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What is the difference between a legal separation and divorce?

When a couple first gets married, divorce is probably the furthest thing from their minds. However, some Washington couples may find that after years or even decades of marriage, they have grown apart and are ready to go their separate ways. While couples in these situations may feel divorce is their only option, for some legal separation may also be an option to consider. These couples may be interested in learning more about the differences between divorce and legal separation in Washington.

Divorce, also known as dissolution, puts a legal end to a couple's marriage. Either spouse or both of them can file for divorce. When a marriage fails, the legal term is that the marriage is "irretrievably broken." It is not necessary for both spouses to believe the marriage is irretrievably broken, just that one of them maintains it is. In addition, it is not necessary for a spouse to show that the other spouse has engaged in some sort of wrongful behavior -- divorce in Washington is a no-fault system.

Legal separation, on the other hand, means that a couple is separating, but it will not legally end the couple's marriage. A couple may have very personal reasons to legally separate rather than divorce. For example, these reasons could be religious in nature. A couple may also have financial reasons for choosing to separate rather than divorce. It is not necessary, however, for a couple to first petition for a legal separation before seeking a divorce. In addition, after a couple has legally separated for six months or more, either spouse may be able to convert the legal separation into a divorce action if the appropriate steps are taken with the court.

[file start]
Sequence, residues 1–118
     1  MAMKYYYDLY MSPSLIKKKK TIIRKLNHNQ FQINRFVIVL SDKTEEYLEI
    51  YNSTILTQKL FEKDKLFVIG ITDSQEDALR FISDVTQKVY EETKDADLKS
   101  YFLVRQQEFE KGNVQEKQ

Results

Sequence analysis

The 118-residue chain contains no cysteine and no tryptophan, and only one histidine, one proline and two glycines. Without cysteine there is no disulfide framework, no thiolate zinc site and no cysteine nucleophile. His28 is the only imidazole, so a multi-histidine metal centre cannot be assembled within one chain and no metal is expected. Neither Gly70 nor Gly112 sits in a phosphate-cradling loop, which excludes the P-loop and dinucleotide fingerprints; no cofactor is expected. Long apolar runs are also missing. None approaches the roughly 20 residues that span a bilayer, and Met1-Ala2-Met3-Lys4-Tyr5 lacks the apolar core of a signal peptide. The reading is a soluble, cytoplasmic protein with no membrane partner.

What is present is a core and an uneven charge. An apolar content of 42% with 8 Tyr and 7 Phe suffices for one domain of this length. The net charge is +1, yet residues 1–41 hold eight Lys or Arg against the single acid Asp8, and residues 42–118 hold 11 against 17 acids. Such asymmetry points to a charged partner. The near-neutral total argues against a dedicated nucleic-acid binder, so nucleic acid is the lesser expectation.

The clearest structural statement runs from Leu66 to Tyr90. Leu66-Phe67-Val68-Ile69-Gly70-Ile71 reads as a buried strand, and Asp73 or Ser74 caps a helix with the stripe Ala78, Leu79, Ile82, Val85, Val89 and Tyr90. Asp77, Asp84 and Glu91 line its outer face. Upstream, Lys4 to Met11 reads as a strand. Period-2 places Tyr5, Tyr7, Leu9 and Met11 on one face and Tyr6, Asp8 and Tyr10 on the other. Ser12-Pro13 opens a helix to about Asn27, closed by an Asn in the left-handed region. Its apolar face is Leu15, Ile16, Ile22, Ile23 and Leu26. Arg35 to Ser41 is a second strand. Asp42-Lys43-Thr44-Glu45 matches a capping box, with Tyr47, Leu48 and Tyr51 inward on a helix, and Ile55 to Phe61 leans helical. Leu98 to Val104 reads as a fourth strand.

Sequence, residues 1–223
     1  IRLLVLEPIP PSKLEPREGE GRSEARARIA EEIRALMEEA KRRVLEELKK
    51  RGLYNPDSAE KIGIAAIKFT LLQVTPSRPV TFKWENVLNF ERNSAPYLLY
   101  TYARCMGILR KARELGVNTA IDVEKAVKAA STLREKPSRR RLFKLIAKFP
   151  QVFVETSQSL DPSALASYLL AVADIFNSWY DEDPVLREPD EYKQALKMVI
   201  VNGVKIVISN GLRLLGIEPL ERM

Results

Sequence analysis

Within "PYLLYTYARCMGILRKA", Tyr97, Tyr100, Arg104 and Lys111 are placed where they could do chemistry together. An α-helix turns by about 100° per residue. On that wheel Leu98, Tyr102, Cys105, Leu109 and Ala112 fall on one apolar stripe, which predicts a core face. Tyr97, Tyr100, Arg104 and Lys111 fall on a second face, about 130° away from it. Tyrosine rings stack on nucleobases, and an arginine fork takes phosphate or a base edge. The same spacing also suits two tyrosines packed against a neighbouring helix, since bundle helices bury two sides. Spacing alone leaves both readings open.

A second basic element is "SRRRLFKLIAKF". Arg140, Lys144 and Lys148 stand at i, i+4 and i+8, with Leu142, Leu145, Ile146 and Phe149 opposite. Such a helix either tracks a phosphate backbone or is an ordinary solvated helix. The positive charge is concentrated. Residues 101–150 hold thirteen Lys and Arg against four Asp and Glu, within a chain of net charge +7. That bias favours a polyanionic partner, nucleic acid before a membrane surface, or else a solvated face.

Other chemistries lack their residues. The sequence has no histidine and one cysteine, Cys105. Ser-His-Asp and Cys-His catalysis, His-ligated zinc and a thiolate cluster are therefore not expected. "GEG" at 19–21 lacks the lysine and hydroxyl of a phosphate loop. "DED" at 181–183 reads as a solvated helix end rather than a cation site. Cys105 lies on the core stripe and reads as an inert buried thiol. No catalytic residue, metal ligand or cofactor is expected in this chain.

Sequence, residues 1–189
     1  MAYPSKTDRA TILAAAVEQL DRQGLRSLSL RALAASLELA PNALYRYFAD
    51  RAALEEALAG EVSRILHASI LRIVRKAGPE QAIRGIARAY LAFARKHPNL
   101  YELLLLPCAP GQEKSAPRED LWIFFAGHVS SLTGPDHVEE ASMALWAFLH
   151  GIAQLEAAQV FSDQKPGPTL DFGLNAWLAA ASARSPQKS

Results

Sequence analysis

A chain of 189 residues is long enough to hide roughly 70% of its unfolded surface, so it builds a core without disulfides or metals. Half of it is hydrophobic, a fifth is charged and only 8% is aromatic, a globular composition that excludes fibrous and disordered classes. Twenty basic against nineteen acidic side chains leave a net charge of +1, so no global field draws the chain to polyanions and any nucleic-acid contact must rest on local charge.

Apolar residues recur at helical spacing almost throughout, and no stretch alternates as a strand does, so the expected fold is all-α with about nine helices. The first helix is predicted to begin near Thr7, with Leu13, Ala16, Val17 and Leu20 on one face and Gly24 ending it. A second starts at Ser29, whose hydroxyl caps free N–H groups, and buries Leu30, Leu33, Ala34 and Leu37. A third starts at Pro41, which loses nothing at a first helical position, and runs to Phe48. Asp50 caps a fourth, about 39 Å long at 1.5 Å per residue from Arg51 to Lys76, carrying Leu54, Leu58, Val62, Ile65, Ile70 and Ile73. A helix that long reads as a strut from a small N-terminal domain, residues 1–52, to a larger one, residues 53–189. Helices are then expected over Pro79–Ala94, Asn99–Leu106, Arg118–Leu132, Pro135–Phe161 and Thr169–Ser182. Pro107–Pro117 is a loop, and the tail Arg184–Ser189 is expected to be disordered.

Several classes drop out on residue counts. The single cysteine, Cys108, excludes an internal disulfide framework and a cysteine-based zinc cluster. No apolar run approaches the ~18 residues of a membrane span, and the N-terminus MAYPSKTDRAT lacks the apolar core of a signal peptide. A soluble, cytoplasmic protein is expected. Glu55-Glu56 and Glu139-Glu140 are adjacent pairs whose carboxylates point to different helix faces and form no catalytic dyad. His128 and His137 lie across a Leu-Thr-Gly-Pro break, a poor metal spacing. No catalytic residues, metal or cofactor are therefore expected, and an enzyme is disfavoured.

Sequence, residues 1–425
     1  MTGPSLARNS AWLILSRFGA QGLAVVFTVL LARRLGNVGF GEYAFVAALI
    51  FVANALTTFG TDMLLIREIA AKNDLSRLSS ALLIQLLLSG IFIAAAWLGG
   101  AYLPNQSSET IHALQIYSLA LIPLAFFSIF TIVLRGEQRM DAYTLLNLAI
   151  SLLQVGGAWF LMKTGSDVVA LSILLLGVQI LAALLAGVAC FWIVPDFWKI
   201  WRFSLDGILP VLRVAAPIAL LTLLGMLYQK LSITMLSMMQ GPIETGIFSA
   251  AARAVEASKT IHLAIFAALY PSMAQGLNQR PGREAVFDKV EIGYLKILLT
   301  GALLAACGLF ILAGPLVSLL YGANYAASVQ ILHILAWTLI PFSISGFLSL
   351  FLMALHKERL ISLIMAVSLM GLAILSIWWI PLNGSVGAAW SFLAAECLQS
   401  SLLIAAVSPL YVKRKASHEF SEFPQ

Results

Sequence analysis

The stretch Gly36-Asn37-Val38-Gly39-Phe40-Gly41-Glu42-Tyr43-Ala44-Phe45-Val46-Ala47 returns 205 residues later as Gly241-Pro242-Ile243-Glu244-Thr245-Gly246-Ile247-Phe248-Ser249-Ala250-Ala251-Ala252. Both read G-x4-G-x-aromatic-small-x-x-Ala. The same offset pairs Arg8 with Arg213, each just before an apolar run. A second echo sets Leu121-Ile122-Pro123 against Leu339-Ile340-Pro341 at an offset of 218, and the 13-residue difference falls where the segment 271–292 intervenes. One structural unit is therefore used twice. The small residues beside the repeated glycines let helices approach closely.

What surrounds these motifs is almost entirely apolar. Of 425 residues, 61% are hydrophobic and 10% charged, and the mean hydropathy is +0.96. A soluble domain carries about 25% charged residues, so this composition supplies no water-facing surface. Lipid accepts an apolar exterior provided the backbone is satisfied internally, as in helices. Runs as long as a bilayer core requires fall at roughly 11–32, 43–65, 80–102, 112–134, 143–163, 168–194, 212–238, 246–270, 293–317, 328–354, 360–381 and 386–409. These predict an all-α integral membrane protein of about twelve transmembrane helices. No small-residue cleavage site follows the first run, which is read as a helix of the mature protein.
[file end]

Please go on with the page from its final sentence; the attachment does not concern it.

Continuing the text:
Whether a couple in Washington decides to legally separate or divorce, it is important that they understand all of the consequences of doing so. If necessary, each spouse may want to get more information about the nuances of legal separation and divorce in the state.

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